You might have heard the phrase, ‘One is too many and a thousand is never enough’, it relates to the struggle and repeated question – can a recovered alcoholic ever drink again?
It sums up the struggle that many recovering alcoholics have with alcohol for the rest of their lives. In most cases the answer is no, but it is not all that straight forward.

Understanding Alcoholism

Taken in isolation, one drink may not be particularly harmful. However, for those recovering from addiction, just one drink may be enough to tilt them back into a downward spiral and undo all their hard work.
At the same time, a person who has worked hard on their recovery may feel that they have their drinking problem firmly under control; they may see drinking in moderation as relatively harmless and something they will be able to handle.

The first thing to think about is the way addiction works and what it takes to recover from an addiction to alcohol.
The American Society of Addiction Medicine (ASAM) says that addiction is a “treatable, chronic medical disease involving complex interactions among brain circuits, genetics, the environment, and an individual’s life experiences”. It adds that people with addiction “use substances or engage in behaviors that become compulsive and often continue despite harmful consequences”.

Addiction has the potential to change the way the brain functions, affecting areas associated with reward, pleasure and impulse control. Chronic drinkers may also build up a tolerance to alcohol – meaning they need to drink more for the same effects – and can become physically dependent, meaning they suffer from physical and psychological withdrawal symptoms when they do not drink.

The fact that addiction leads to compulsive use despite the fact that there may be harmful consequences also makes it very difficult for an addict to quit without expert help. That in mind, you can understand why it is so easy to not only become addicted to alcohol, but to do your best to not relapse into that lifestyle.

What Does it Mean to be a Recovered Alcoholic?

Beating alcoholism is a marathon rather than a sprint. There are debates about whether it is better to use the term ‘recovering alcoholic’ or ‘recovered alcoholic’ because, for some people, alcoholism is something they have to battle for the rest of their lives.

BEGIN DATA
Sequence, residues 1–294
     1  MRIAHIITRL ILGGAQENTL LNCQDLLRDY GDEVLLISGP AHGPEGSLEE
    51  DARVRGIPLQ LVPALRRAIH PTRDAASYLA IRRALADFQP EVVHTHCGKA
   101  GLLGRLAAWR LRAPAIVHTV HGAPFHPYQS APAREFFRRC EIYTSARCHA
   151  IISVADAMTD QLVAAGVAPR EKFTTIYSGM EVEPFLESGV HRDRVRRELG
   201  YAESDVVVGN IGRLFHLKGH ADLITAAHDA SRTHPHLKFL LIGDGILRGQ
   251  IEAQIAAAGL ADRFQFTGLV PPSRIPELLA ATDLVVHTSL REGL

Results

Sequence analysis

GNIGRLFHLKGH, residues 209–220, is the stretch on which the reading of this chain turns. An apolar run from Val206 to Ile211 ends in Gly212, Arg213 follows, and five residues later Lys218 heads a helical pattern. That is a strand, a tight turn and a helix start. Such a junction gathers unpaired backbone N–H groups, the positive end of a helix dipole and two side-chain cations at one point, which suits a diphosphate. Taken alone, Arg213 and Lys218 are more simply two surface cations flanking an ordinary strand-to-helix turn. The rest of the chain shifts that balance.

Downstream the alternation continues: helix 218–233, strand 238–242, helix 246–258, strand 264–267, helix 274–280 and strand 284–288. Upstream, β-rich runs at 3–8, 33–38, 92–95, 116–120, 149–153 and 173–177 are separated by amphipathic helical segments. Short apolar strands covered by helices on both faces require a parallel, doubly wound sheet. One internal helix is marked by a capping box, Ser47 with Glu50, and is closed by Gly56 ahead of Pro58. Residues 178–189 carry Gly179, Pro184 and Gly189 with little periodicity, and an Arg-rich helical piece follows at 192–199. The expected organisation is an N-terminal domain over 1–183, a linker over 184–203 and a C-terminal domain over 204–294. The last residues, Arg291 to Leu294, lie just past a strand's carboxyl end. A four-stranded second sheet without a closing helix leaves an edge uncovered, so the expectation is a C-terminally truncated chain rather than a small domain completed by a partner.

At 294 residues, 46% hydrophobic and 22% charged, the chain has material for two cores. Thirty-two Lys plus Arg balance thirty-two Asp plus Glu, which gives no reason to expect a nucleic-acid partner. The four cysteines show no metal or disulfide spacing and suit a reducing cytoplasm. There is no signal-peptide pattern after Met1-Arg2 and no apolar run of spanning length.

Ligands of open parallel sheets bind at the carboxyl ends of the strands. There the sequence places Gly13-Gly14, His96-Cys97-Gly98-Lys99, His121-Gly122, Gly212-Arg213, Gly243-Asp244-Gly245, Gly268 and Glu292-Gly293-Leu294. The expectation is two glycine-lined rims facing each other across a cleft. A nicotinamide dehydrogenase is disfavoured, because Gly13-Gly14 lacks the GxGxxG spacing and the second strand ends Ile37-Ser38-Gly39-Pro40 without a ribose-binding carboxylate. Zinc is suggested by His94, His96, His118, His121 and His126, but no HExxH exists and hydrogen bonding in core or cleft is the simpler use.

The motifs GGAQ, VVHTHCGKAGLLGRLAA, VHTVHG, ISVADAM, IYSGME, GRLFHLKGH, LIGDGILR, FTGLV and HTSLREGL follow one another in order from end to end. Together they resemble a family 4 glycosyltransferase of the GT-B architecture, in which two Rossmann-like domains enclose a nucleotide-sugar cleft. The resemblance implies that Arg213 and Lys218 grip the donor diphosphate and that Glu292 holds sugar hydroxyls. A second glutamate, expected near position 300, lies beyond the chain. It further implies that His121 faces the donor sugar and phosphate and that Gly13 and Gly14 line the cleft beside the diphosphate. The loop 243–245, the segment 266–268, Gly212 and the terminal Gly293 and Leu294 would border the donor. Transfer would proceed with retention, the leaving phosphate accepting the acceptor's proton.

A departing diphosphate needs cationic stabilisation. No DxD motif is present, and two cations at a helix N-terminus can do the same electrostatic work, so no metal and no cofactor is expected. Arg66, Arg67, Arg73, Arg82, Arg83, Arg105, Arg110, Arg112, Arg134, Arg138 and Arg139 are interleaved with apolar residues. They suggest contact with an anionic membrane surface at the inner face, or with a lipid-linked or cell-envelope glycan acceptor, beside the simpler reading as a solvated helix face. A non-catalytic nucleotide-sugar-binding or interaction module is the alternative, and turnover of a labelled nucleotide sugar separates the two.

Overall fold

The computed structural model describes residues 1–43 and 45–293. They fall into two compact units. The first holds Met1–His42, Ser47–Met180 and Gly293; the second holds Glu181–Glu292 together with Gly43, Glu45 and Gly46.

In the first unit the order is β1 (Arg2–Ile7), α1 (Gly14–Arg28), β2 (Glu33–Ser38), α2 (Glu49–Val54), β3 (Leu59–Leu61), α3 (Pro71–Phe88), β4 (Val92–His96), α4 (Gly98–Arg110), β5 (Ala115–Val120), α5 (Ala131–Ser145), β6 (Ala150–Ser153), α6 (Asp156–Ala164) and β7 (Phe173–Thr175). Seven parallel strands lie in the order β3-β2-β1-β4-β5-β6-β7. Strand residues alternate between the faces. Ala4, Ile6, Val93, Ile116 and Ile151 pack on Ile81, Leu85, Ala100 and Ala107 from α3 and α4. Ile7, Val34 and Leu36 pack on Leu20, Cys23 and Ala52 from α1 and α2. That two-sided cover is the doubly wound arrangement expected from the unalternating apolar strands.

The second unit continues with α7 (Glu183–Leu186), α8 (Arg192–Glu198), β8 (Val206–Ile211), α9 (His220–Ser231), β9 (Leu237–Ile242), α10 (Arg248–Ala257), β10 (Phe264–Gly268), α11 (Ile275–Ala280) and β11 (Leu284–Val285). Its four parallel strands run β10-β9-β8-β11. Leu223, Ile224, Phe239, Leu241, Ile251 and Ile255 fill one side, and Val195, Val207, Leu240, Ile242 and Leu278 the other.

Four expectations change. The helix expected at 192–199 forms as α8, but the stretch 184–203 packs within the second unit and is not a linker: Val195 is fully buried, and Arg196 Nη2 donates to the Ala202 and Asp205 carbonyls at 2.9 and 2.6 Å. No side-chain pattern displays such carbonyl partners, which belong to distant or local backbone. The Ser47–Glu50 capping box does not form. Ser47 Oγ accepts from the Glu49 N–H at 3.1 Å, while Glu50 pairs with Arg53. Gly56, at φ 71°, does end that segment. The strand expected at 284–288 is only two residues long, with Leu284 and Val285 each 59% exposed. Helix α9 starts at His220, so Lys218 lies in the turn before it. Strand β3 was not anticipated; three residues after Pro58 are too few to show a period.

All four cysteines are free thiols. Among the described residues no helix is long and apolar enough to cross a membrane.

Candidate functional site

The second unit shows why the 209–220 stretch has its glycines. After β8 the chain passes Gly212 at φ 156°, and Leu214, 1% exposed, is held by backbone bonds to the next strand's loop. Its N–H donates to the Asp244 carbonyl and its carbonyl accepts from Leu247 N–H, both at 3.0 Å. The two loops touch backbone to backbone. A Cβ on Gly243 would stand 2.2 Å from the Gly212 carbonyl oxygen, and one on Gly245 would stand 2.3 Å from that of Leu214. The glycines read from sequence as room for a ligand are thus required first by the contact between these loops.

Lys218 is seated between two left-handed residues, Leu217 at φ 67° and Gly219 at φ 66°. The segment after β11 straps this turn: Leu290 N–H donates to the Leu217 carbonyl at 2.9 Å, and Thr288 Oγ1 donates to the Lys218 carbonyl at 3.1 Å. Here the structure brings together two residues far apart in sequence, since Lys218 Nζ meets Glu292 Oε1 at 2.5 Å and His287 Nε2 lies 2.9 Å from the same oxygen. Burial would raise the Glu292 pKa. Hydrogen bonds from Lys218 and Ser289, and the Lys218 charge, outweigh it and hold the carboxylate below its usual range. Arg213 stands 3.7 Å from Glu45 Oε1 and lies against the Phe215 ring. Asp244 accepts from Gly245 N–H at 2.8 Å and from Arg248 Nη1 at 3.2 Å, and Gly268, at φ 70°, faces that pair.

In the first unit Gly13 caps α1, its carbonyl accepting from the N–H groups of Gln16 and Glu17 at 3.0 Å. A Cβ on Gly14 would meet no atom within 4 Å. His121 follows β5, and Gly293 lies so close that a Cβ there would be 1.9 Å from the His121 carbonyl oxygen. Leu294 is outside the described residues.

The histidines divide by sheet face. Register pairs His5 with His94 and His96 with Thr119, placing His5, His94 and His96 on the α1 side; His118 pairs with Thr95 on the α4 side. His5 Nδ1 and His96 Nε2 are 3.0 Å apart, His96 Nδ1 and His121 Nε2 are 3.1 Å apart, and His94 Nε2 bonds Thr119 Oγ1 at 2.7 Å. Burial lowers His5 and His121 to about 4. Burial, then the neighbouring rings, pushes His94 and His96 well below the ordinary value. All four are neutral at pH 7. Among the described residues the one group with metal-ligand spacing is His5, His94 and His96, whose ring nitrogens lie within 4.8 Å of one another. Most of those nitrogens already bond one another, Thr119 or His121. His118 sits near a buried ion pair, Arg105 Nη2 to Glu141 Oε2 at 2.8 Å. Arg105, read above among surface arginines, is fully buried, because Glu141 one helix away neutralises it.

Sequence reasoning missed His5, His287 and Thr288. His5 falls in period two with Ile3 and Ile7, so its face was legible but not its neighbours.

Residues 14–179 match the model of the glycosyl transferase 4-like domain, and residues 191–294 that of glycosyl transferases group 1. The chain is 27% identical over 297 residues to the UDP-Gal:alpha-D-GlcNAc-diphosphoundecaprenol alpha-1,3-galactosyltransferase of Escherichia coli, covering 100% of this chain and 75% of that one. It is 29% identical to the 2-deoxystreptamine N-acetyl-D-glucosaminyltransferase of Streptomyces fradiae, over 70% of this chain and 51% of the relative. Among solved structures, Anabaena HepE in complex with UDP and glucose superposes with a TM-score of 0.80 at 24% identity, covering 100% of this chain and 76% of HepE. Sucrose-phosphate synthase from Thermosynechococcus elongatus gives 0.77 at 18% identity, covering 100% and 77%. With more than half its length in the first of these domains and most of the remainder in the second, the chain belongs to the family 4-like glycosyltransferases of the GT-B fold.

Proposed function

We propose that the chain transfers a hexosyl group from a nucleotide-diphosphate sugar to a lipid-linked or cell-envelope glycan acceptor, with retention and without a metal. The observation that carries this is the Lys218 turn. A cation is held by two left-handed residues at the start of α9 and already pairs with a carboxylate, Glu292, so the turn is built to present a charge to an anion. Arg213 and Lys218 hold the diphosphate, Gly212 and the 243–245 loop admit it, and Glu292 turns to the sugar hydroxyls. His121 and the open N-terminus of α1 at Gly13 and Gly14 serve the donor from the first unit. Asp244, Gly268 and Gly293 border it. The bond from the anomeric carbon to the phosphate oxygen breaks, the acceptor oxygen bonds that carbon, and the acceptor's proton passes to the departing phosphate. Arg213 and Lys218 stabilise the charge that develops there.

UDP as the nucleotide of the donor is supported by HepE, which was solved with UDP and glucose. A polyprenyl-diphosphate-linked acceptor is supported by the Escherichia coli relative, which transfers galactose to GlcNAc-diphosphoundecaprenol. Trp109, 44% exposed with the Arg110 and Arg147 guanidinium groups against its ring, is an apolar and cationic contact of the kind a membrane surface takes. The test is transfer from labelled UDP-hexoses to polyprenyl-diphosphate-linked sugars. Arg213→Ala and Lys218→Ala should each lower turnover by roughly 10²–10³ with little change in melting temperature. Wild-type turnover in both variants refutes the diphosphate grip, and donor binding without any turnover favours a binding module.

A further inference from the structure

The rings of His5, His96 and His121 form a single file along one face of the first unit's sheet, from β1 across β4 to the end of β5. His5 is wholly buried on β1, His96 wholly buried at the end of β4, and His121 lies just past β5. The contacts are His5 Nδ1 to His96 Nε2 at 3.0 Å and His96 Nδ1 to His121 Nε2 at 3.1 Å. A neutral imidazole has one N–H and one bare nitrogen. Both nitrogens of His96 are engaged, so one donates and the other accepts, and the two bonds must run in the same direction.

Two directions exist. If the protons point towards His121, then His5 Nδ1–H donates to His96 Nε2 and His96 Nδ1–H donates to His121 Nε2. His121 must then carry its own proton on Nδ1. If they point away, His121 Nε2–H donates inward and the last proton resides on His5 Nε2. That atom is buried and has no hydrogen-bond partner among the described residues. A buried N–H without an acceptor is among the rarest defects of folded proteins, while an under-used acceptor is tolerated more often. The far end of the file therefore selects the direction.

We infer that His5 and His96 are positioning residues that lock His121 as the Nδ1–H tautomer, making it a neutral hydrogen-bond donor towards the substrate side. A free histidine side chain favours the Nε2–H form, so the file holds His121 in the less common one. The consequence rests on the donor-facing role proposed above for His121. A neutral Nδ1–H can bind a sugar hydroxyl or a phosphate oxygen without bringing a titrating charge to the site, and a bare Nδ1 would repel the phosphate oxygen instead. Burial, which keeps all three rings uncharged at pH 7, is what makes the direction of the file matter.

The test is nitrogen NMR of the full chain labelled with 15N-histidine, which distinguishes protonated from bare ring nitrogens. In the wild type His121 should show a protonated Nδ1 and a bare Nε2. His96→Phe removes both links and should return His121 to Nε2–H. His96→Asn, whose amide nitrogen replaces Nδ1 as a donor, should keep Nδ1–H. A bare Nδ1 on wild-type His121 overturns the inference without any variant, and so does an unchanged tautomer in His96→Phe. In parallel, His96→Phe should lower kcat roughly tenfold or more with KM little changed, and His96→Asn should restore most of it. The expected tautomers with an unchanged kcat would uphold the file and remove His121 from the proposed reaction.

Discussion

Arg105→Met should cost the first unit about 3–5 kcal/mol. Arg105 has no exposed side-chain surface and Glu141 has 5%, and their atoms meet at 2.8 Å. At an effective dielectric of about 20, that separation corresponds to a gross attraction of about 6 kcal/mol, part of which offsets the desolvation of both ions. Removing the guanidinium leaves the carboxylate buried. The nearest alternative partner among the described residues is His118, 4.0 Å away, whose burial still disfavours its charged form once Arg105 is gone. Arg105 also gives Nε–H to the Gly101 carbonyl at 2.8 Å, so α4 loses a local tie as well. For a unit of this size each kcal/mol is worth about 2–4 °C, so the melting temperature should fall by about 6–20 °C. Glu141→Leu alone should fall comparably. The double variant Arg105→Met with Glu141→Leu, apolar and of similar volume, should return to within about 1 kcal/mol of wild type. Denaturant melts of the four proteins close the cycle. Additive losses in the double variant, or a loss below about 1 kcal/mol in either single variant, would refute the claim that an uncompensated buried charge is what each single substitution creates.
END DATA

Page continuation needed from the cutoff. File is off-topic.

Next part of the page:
Others may feel that they eventually reach a place where they have won that battle for good, but for most recovery requires maintenance and vigilance.

So, is it Possible for Recovered Alcoholics to Drink Again?

Most addiction recovery programmes involve abstinence – meaning the person commits to not drinking at all once they begin their recovery. This is not the only approach though, one recent study concluded that “available evidence does not support abstinence as the only approach in the treatment of alcohol use disorder”. It added: “Controlled drinking, particularly if supported by specific psychotherapy, appears to be a viable option where an abstinence-oriented approach is not applicable.”

This does not mean it is suitable for everyone though. Alcohol moderation management may be most effective for people with less severe drinking problems; other studies suggest that only a minority of people are able to maintain controlled drinking habits and attempting to do so may be more challenging for people who initially addressed their alcohol use through abstinence.
Controlled drinking also tends to involve a conscious and more or less considered decision to drink again. For some recovering addicts, their return to alcohol may be a reaction to stress or other triggers that is far less considered.

The dangers of drinking after recovery largely involve the possibility of sliding back into old habits and patterns – which can sometimes re-establish themselves very quickly. This can undo months or even years of hard work but, at the same time, it’s important to try to see a relapse as a setback rather than the end of the road.
It is obviously best to avoid the situation if possible, but many people can and do overcome relapse and even learn from the experience in order to continue their recovery journey.

Alternatives to Drinking for Recovered Alcoholics

If you quit drinking through an addiction treatment programme, it is likely that you will go through relapse prevention sessions in order to learn and develop coping strategies and to spot the warning signs and triggers for possible relapse. These can vary between individuals but there are some general pieces of advice that are likely to apply.

The first is to avoid people, places and situations that are associated with your drinking, especially in the early stages of your recovery. Some people find they can never be comfortable in a bar again after quitting drinking, but others may find that in time the temptation recedes and they can enjoy a social non-alcoholic drink in the company of friends or relatives who still drink.

It’s also important to find healthy alternatives to drinking, especially if it previously formed the basis of your whole social life. Some people find techniques like mindfulness and meditation to be valuable but hobbies such as sports or creative pursuits can also help. We can’t avoid stressful situations altogether, but learning to manage stress in a positive way can also help you to avoid reaching for the bottle when things go wrong.

Reach Out for Help Today

If you, or somebody you love is struggling with addiction, get help from Addiction Advocates today, we can help you find the right rehab and help in your area – call us today on 0800 012 6088.

Seth Bolton

Seth is an author, addiction recovery expert and fully accredited member of the national counselling society. He has experience working with a wide range of addictions and mental illnesses using a number of evidence-based therapies and programmes such as the SMART models of addiction recovery.